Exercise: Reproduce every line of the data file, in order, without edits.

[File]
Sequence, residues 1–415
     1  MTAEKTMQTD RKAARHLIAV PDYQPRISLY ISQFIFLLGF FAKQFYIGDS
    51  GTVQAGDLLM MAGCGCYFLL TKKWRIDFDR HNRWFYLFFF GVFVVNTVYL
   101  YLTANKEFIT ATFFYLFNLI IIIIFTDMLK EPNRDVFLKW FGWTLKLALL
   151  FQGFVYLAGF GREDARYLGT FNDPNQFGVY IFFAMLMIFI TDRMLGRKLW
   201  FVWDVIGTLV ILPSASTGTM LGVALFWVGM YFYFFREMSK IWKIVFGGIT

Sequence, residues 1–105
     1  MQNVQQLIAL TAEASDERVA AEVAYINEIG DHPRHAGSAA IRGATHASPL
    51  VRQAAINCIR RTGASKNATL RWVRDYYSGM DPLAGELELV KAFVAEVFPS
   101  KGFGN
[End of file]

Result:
Sequence, residues 1–415
     1  MTAEKTMQTD RKAARHLIAV PDYQPRISLY ISQFIFLLGF FAKQFYIGDS
    51  GTVQAGDLLM MAGCGCYFLL TKKWRIDFDR HNRWFYLFFF GVFVVNTVYL
   101  YLTANKEFIT ATFFYLFNLI IIIIFTDMLK EPNRDVFLKW FGWTLKLALL
   151  FQGFVYLAGF GREDARYLGT FNDPNQFGVY IFFAMLMIFI TDRMLGRKLW
   201  FVWDVIGTLV ILPSASTGTM LGVALFWVGM YFYFFREMSK IWKIVFGGIT

Sequence, residues 1–105
     1  MQNVQQLIAL TAEASDERVA AEVAYINEIG DHPRHAGSAA IRGATHASPL
    51  VRQAAINCIR RTGASKNATL RWVRDYYSGM DPLAGELELV KAFVAEVFPS
   101  KGFGN